What was she able to do through counselling? What helped her is listed below.

1. She realised her pain was valid. She came to counselling believing she had no right to be hurting at the terrible turn her life had taken. She came believing the horrible things happening to her family were her fault. She realised first that the pain she was feeling was genuine and very real. It was no surprise she was hurting after losing her job and being so worried about how the family would cope with one less income. When she realised her pain was valid, a lot of the stress she experienced about feeling that way went. She realised it was okay to feel devastated at losing her job. She understood it was okay to hurt and worry about her family finances. She was able to see that it was not her fault. Once she understood these things, it was easier to deal with the pain and talk about it to her family.

2. She realised she was not weak for thinking her family would be better off if she killed herself. What was happening for her was that she was overwhelmed with things in her life and was struggling to cope. She was experiencing a situation that would cause other people great stress. Her reaction was understandable. That helped her feel less alone and less ashamed of talking about her feelings.

3. She realised that she had a right to ask for help and receive it. Feeling suicidal did not mean she had lost the right to get help. Someone in that level of physical pain would not feel they had no right to ask for help. She came to learn that those suffering emotional pain had the right to ask for help as well. Jodie also realised that she felt ashamed at needing to visit a counsellor. She was able to work through those feelings of shame. She learned that asking for help was a strong, healthy thing to do.

4. Jodie had struggled with friends who dismissed her feelings. One told her she was attention seeking. Jodie realised she deserved support from her friends. She made the decision to distance herself from the unsupportive friends and not feel guilty at doing so. She deserved to be supported. A true friend will offer support and love, not lack of support or judgement. She learned that she had two lovely caring friends who were very supportive for her during her healing and continue to support her today. She realised she had a right to expect understanding, support and validation of her pain.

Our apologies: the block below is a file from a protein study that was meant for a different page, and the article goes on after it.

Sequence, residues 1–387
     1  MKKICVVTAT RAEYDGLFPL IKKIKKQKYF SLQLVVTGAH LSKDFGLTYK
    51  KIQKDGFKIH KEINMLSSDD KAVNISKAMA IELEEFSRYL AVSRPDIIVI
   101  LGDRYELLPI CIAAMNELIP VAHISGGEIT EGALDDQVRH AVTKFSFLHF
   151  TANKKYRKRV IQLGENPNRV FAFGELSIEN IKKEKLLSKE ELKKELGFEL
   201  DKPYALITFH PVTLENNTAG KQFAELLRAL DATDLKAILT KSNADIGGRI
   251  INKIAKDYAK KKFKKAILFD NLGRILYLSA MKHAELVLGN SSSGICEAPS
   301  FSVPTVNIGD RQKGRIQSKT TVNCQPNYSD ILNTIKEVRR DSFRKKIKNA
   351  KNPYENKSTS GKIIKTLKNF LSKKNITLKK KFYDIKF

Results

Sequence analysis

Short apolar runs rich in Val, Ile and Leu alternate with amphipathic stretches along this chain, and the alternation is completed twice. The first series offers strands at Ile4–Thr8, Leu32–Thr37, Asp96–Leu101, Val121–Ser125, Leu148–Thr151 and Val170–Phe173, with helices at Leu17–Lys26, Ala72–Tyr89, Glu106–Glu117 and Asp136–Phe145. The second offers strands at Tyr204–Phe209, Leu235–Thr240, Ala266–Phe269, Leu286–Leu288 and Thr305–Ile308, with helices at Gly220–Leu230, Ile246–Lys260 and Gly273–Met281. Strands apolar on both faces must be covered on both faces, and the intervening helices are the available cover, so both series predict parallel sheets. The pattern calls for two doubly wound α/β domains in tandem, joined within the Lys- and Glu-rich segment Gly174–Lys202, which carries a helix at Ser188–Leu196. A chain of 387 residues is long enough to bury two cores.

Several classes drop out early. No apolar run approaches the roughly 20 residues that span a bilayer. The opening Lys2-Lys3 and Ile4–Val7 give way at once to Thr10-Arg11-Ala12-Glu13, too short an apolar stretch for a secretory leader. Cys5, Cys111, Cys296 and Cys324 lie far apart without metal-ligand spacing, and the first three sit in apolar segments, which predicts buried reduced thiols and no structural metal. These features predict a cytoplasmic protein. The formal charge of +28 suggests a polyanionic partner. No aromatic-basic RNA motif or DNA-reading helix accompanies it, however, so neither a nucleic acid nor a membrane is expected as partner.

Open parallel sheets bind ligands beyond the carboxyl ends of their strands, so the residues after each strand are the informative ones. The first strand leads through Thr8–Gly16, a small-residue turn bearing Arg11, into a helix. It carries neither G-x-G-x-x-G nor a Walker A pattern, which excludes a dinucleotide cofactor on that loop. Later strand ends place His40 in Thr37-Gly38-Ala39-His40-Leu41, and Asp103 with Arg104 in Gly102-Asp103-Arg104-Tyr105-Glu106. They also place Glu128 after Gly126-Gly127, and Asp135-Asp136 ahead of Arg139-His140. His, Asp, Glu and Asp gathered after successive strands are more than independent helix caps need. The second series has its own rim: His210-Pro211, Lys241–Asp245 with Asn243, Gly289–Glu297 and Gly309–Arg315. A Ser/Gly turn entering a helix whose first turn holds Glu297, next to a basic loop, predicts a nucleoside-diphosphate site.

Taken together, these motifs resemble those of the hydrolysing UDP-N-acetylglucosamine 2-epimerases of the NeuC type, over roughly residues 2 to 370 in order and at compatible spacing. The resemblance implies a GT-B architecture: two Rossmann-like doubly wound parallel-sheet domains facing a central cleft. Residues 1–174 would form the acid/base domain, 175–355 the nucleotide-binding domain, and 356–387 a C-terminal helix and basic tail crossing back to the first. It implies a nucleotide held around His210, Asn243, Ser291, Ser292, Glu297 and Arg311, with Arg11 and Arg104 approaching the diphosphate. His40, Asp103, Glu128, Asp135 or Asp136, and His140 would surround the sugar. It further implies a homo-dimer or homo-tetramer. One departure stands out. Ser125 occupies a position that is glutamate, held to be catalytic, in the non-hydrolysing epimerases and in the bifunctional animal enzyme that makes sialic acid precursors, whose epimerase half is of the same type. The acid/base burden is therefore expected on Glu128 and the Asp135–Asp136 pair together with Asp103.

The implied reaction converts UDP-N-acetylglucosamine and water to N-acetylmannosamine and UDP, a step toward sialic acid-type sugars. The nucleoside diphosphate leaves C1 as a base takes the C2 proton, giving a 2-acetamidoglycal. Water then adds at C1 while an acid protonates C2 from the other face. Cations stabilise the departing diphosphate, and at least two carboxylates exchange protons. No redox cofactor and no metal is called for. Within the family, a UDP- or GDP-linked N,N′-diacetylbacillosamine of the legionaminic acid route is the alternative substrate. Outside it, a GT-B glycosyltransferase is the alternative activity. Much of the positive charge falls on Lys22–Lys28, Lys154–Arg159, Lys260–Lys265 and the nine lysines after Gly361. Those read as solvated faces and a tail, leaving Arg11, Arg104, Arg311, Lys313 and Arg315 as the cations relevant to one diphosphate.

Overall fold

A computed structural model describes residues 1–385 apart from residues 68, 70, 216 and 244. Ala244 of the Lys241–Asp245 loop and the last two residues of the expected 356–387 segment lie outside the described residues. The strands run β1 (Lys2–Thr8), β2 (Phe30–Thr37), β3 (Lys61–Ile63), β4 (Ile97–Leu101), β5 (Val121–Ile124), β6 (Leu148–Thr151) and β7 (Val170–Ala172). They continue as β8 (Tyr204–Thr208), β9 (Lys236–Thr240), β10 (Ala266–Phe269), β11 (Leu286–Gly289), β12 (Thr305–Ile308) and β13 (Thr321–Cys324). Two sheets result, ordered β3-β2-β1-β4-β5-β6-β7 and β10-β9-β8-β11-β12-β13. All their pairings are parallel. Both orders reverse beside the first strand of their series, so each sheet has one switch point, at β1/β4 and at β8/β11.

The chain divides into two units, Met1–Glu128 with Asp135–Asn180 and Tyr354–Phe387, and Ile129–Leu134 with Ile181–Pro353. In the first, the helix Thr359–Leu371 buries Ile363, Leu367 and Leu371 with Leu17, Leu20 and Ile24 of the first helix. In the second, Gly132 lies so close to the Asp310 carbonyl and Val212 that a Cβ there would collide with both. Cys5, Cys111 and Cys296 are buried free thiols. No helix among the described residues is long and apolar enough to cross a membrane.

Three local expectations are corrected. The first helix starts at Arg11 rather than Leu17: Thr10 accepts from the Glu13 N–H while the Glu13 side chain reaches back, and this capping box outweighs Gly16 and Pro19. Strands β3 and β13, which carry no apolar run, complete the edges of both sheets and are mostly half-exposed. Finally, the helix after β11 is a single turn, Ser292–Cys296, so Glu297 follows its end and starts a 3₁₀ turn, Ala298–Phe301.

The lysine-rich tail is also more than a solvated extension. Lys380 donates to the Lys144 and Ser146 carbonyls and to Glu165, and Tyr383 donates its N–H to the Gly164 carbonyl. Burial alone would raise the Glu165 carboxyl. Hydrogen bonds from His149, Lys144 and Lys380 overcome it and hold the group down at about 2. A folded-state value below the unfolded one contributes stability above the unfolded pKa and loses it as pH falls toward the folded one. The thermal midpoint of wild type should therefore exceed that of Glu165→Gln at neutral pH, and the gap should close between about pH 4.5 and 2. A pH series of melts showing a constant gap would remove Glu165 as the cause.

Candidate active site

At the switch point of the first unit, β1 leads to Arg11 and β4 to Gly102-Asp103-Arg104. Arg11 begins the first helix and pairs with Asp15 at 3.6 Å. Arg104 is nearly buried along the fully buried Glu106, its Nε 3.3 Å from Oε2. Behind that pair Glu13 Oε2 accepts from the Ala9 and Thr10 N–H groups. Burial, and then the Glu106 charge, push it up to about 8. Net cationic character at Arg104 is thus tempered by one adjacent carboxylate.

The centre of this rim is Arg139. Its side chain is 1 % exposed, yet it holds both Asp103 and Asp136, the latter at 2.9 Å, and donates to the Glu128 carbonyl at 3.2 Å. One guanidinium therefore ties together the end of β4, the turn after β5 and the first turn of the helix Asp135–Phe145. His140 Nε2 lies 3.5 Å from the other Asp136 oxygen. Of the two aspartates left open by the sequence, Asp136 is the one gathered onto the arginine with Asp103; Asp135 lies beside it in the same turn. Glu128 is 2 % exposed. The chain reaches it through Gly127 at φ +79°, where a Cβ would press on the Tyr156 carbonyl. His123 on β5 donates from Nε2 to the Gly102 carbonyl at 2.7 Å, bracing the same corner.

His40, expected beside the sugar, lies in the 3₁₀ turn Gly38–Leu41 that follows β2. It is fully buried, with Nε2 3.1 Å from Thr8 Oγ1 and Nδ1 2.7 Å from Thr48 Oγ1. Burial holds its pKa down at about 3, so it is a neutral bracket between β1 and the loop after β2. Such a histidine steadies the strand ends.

5. Jodie learned she did not need to feel guilty at wanting to kill herself. She realised she had internalised the belief that suicide was a crime and wrong. This had held her back from asking for help initially. Then it had caused her to not want to tell anyone she was seeing a counsellor. After a number of sessions she was able to challenge that belief. With counselling she was able to challenge also the belief she was a burden on her family.

6. Finally Jodie was able to work through the pain she had been feeling and come to the realisation that the pain was temporary. One day she found herself feeling moments of happiness. Another day she found herself coming up with a plan of something to do to help herself and her family. She came to the realisation that she was finding joy in her life again. She felt that was an important learning. She determined that if she felt this much pain again she could know that the pain was only temporary and that she needed to seek help to assist her to work through the pain.